Separation is a good thing in this model – it means we had dimensions we could highlight. If we looked at these dimensions, we could find the patients that were similar and ended up with the diagnosis we were concerned about. On the other hand, we could separate them from the rest of the patients and obtain a good prediction of the people that looked a lot like the patient but weren’t exactly the same.

The fact that we could accomplish this in graph was eye-opening. We didn’t come into the project with this perspective at all. It’s one of the things that makes me personally excited about the possibility of graph algorithms. It became possible through seeing the journeys of those claims lined up, taking it to the next level and applying the algorithm to create separation.

Physician Connectedness & Influence

The second big algorithm we wanted to look at was connectedness. We thought of it both as “can we find people that are connected” and “can we find people that are influenced with each other?”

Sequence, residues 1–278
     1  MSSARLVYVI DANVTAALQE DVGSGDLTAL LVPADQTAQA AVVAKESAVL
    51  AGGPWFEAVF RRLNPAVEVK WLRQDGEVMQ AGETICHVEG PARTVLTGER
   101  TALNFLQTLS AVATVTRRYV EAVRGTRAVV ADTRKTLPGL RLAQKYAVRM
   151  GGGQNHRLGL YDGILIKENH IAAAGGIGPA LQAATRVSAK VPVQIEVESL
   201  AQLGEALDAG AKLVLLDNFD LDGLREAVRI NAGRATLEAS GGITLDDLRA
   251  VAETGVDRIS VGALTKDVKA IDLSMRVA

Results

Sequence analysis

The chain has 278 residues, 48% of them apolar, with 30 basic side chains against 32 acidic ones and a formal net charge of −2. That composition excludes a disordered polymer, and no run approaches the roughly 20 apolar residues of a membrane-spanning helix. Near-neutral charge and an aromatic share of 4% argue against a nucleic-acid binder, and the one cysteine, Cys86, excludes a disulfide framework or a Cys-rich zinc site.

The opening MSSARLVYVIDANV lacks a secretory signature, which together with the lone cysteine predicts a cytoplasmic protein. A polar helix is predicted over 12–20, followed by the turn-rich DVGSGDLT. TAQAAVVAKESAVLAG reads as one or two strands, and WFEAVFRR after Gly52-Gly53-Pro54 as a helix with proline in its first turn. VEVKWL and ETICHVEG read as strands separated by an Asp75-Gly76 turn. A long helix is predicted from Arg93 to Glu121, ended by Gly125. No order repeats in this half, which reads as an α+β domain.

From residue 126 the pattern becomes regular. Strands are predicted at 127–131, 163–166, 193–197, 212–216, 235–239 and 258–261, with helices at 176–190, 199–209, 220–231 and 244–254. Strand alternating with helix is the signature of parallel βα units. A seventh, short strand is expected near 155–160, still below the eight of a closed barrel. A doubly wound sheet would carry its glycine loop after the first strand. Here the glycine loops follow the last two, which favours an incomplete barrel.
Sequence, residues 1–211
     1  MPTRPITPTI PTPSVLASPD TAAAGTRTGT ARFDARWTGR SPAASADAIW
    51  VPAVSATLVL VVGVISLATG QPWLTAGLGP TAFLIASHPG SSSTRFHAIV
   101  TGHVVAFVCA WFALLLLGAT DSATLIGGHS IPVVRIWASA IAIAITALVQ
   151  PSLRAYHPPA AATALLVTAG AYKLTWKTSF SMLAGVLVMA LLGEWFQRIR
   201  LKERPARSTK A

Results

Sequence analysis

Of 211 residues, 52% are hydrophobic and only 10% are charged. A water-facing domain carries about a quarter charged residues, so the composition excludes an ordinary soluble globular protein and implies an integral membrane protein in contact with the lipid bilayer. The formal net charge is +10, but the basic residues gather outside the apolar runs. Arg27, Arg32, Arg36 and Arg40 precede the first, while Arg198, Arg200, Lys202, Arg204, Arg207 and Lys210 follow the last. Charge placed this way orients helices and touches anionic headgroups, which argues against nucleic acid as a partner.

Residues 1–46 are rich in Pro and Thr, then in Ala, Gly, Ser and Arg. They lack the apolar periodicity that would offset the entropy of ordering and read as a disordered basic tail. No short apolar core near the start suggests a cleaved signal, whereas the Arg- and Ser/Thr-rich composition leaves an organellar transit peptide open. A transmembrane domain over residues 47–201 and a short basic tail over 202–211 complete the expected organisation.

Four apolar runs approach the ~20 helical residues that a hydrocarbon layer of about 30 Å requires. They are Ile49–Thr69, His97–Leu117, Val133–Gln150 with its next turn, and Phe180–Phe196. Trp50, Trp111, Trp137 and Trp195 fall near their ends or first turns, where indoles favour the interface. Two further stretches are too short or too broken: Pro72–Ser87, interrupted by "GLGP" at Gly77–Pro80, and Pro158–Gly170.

Earlier, I talked about where we saw physicians working together, sharing patients and passing patients, where you’ll often see a primary care physician refer their patient to a specialist. We started to see those patterns.

The picture at the bottom of the image below is a simple example of how physicians work together. We ran many of these centrality algorithms to find out which physicians were most connected to other physicians, where clusters of physicians worked together and how we could visualize a group of physicians that we might want to treat as a single pod. For example, if we had a meaningful conversation with one of the physicians, we could reasonably expect that the whole group of physicians would benefit from those conversations.

From there, we ran classic clustering techniques in these algorithms, and we found that there were lots of sparsely grouped physicians who worked in pretty close teams.

We were also interested in betweenness. There were times when we might’ve had the chance to have very rich conversations with a couple of physicians, but there was another group of physicians who were perhaps too busy and couldn’t have these conversations with our medical folks or sales teams. We wanted to find those bridge points between the two physicians or organizations. That’s where betweenness became so important.